Lingam, Lord Shiva, Hindu Mythology - Informative & researched article on Lingam, Lord Shiva, Hindu Mythology
 Indianetzone: Largest Free Encyclopedia of India with thousand of articlesIndian Religion


in  
 Art & Culture|Entertainment|Health|Reference|Sports|Society|Travel
Forum  | Free E-magazine  | RSS Feeds  
Indian Food|Indian Religion|Indian Personalities|Indian Villages|Kamasutra|Indian Costume|Indian Weddings|Astrology|Indian Jewellery|Indian Women|Indian Tribals
Home > Society > Indian Religion > Indian Mythology > Lingam
Lingam, Lord Shiva, Hindu Mythology
The Lingam is the sign used in worshipping Lord Shiva.
 
 Lingam, Lord Shiva, Hindu MythologyLingam in Sanskrit means Gender. In the Hindu mythology, Lingam is the representation of Lord Shiva. Thus it is a synonym of Shivalingam.

The Shivalingam is symbolized by a cylindrical stone rounded off at the top; and at the other end inserted in masonry or in the ground, but transfixing another horizontal and flat stone named Yoni. This emblem is placed in the open field, on the way side, and in temples, and worshipped everywhere in the world. The worship of the Lingam and Yoni marks the Shaivism. Again the worship of the Lingam alone denotes the Veerashaivism. The latter attach a further meaning to the word, indicating various heavens or Lokas in the invisible world.

Shivalingam is the most widespread symbol of Lord Shiva, found in virtually all Shiva temples. The lingam is a rounded, oval, situated on a round base, or peetham. It is the simplest and most ancient symbol of Shiva, especially of Parasiva, God beyond all forms and qualities. In lingam the peetham represents Parashakti, the evident power of God.

The Shiva Lingas are generally made of stone. They can also be of metal, valuable gems, crystal, wood, earth or transient materials like ice. As mentioned in the Karana Agama, temporary Shivalingam may be made of twelve unusual materials, like sand, rice, cooked food, river clay, cow dung, butter, rudraksha beads, ashes, sandalwood, darbha grass, a flower garland, or molasses.

In Hinduism, Shivalingam is believed to be divided into three parts. The bottom part of the lingam is four-sided and remains under ground. The center part of the lingam is eight-sided and remains on a dais. Lastly the top part of the lingam is in round form and worshipped. The height of the round part is one-third of its circumference. The three parts together represents the three Gods. The three parts are classified as, Lord Brahma being at the bottom, Lord Vishnu in the middle and Lord Shiva on the top. The dais is provided with a passage for draining away the water that is poured on top by disciples. The Shivalingam is also a sign of both the creative and destructive power of the Lord Shiva.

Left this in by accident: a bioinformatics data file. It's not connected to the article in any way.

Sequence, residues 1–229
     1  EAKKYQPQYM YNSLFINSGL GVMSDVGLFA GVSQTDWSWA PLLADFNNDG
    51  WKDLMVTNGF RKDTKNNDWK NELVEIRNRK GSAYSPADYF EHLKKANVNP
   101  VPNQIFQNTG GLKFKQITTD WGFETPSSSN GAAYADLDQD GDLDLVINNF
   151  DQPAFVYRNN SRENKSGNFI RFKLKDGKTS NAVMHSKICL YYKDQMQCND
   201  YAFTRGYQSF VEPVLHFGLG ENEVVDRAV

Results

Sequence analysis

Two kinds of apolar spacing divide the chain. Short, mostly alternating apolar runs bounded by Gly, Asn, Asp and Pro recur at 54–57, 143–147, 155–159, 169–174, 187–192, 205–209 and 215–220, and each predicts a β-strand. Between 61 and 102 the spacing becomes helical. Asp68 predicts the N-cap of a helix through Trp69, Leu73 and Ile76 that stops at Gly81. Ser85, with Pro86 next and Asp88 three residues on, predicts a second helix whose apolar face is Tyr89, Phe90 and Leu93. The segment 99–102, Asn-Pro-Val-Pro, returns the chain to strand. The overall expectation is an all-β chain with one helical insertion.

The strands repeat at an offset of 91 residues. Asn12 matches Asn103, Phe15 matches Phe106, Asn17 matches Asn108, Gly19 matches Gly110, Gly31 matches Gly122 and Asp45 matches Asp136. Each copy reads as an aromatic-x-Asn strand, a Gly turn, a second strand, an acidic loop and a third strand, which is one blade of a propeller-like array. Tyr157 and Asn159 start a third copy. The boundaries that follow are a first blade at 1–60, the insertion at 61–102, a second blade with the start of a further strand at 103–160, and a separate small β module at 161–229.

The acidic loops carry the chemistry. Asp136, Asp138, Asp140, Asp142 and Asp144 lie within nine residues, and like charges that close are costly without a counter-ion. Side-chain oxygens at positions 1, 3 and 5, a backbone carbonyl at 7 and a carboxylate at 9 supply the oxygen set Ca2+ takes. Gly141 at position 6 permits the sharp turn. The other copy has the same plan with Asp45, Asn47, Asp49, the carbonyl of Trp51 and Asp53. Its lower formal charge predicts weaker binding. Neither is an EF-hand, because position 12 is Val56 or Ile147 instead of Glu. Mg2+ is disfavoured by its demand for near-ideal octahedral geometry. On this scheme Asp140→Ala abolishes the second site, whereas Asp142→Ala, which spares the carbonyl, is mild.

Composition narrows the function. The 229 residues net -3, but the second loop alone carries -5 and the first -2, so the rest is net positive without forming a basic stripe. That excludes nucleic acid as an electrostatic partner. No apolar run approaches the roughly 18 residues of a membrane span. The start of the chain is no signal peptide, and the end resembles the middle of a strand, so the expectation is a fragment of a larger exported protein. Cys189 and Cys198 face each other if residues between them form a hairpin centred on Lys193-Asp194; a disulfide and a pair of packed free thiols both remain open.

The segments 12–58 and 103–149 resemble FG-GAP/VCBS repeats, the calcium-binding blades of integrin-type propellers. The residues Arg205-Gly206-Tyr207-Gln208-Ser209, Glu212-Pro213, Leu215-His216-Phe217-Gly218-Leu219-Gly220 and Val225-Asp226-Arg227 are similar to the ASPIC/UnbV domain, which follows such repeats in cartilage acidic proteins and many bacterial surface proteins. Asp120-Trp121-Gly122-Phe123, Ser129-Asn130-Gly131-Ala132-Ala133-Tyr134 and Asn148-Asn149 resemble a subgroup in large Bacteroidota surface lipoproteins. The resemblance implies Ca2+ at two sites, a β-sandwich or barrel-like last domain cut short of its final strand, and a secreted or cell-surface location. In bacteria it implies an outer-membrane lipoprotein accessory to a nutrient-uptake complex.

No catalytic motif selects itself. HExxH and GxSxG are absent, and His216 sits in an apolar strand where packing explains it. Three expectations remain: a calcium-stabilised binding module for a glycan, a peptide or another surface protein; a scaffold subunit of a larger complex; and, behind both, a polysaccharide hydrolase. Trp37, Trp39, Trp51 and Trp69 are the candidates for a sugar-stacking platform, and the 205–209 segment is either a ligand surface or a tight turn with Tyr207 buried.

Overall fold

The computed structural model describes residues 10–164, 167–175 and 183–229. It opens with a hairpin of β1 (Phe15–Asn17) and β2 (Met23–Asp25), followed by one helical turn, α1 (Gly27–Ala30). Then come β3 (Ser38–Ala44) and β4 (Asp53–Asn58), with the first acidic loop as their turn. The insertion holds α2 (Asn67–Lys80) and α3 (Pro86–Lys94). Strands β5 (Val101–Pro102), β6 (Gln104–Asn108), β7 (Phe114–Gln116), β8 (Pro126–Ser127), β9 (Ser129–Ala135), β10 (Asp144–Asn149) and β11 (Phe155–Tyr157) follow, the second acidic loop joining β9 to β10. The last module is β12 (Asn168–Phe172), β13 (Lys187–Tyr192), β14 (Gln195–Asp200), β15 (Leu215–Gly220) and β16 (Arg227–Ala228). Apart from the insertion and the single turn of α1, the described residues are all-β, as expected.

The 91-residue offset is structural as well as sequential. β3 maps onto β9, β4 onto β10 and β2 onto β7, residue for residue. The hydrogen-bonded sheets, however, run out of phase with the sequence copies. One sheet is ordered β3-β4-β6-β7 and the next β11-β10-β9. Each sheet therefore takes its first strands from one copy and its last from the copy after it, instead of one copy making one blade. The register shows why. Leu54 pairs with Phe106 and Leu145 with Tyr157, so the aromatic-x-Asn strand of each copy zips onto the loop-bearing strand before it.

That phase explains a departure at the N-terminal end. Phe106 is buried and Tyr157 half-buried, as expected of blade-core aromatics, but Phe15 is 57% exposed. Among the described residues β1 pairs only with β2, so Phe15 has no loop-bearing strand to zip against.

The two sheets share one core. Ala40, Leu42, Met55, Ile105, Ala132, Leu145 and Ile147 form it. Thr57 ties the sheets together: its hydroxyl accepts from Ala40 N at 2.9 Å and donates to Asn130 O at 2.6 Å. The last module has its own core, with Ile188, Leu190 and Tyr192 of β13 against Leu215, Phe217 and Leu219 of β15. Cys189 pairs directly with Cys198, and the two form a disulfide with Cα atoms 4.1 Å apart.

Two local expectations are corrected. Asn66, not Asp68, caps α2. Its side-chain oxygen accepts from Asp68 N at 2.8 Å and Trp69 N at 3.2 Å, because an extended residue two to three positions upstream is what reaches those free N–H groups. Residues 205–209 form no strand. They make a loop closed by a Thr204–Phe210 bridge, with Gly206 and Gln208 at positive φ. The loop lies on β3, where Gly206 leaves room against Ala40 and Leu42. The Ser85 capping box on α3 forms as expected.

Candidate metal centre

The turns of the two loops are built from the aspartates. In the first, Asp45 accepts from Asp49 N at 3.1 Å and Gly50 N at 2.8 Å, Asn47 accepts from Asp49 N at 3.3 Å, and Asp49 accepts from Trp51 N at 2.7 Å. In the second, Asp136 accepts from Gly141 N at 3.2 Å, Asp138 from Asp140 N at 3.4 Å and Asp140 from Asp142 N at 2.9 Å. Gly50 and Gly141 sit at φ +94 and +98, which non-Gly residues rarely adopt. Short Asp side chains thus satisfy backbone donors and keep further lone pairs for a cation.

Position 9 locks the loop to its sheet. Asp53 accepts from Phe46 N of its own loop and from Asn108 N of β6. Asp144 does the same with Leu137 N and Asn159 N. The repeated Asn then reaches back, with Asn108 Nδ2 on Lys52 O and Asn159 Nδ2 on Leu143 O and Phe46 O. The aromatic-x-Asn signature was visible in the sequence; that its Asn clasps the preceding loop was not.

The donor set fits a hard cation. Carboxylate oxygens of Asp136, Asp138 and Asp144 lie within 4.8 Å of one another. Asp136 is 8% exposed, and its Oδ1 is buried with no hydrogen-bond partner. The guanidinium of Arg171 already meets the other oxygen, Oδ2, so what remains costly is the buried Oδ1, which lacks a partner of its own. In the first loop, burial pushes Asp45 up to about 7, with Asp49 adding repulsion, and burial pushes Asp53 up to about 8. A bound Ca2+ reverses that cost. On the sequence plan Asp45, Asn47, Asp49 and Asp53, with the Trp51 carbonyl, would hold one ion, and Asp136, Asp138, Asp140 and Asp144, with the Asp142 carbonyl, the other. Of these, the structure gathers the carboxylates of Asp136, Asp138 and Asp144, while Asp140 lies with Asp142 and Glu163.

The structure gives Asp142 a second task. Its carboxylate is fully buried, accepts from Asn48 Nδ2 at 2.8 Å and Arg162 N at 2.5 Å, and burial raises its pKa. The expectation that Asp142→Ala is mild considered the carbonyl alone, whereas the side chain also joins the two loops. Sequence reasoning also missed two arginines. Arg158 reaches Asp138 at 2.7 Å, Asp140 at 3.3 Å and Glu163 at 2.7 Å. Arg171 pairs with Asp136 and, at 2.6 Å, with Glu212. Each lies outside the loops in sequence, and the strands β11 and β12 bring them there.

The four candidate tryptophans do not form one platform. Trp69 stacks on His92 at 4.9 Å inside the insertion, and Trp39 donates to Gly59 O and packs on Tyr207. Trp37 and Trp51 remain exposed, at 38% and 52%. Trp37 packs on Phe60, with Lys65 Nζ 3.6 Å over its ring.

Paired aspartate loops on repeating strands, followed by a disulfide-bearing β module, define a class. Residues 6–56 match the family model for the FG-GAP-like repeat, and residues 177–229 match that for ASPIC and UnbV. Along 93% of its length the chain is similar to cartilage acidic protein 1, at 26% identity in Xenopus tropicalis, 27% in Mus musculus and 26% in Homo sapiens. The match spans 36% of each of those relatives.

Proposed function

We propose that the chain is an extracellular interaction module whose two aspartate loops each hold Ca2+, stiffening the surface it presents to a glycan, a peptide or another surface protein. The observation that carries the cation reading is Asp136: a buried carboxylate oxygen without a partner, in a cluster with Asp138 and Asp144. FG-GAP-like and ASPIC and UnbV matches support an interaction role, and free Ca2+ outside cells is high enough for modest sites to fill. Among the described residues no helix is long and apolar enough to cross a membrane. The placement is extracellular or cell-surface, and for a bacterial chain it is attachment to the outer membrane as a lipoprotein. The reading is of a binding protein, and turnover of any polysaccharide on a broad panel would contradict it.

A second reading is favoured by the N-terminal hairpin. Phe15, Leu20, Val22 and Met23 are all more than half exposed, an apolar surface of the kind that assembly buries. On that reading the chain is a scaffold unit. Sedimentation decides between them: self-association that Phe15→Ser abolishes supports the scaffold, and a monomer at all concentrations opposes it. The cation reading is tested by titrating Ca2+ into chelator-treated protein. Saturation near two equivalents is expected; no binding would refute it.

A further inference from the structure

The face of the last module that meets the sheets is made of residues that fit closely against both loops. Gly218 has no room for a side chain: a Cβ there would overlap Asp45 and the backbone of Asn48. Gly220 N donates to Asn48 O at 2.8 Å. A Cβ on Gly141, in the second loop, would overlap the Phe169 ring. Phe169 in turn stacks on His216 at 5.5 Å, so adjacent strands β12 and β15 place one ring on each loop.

In Veerashaivism, Lord Shiva is divided from His Absolute form into Lingam, the Supreme Lord and Anga, the individual soul. The two form or identities are eventually reunited in undifferentiated oneness.

There are three aspects of Shivalingam. First is the Ishtalingam that is the personal form of Shiva, in which the lord fulfills his desires and removes afflictions. The second aspect is Bhavalingam, this means Shiva beyond space and time, the highest divine principle, knowable through intuition. The last is the Pranalinga, the reality of God which can be detained by the mind.

Shunyasampadane means earning eternal emptiness. The soul or the Anga merges with Shivalingam by a progressive, six-stage path called shatsthala.

The worship of Shivalingam is stated in the epics like Mahabharata and Ramayana. In Mahabharata, the great warrior Arjuna worshipped Lingam for acquiring Pashupatasthra. Ravana, king of Lanka in Ramayana worshipped Shiva to present his mother Atmalinga. Many renowned rishis and sages worshipped the simplest looking Lingam.

(Last Updated on : 08/02/2011)
More Articles in Indian Mythology  (498)
 
Manwantara  (5)
 
Urvasi  (4)
 
Nipa  (3)
 
Apsaras  (3)
 
Pururavas  (3)
 
Ansuman  (2)
 
Nagas  (2)
 
Radha  (2)
 
Prasenajit  (2)
 
Suchi  (2)
 
Divaratha  (1)
 
Lomapada  (1)
 
Siddhis  (1)
 
Raivata  (1)
 
Richa  (1)
 
Pushpavat  (1)
 
Romapada  (1)
 
Jimutaketu  (1)
 
Dyutimat  (1)
 
Krodhavasa  (1)
 
Khatwanga  (1)
 
Anaranya  (1)
 
Nisunda  (1)
 
Nikumbha  (1)
 
Sudyumna  (1)
 
Sweta  (1)
 
 
Bharga  (1)
 
Swahi  (1)
Recently Updated Articles in Indian Religion
Worship of Goddess Durga
Worship of Goddess Durga begins with the invocation ceremony and is followed by several other rituals. The worshipper also recites hymns written in the texts.
Legends of Goddess Durga
Legends of Goddess Durga state about various mythological stories that associate the deity with different gods and deities.
Nava Durga
Nava Durga has been mentioned in the Skandayamala Tantra and Devi Mahatmyam of the Markandeya Purana. The nine forms of the goddess are worshipped during the Navaratri.
Ayyavazhi
Ayyavazhi is a religious belief system that originated in the southern part of the Indian subcontinent.
Shakuntala
Shakuntala is the daughter of Rishi Vishwamitra and Apsara Menaka.
E-mail this Article | Post a Comment
Forum
Forum on Indian Religion
Free E-magazine
Subscribe to Free E-Magazine on Society
 
 
Lingam, Lord Shiva, Hindu Mythology - Informative & researched article on Lingam, Lord Shiva, Hindu Mythology
Sitemap
Contact Us   |   RSS Feeds
Copyright © 2008 Jupiter Infomedia Ltd. All rights reserved including the right to reproduce the contents in whole or in part in any form or medium without the express written permission of
Jupiter Infomedia Ltd.